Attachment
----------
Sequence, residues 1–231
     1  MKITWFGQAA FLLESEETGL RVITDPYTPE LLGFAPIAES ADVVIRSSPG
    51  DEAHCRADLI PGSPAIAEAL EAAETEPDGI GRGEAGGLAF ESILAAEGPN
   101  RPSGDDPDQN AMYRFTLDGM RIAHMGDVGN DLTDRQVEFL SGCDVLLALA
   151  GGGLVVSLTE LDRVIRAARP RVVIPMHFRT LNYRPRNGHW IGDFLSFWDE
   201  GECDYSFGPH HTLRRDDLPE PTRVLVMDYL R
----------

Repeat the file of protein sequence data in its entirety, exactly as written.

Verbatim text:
Sequence, residues 1–231
     1  MKITWFGQAA FLLESEETGL RVITDPYTPE LLGFAPIAES ADVVIRSSPG
    51  DEAHCRADLI PGSPAIAEAL EAAETEPDGI GRGEAGGLAF ESILAAEGPN
   101  RPSGDDPDQN AMYRFTLDGM RIAHMGDVGN DLTDRQVEFL SGCDVLLALA
   151  GGGLVVSLTE LDRVIRAARP RVVIPMHFRT LNYRPRNGHW IGDFLSFWDE
   201  GECDYSFGPH HTLRRDDLPE PTRVLVMDYL R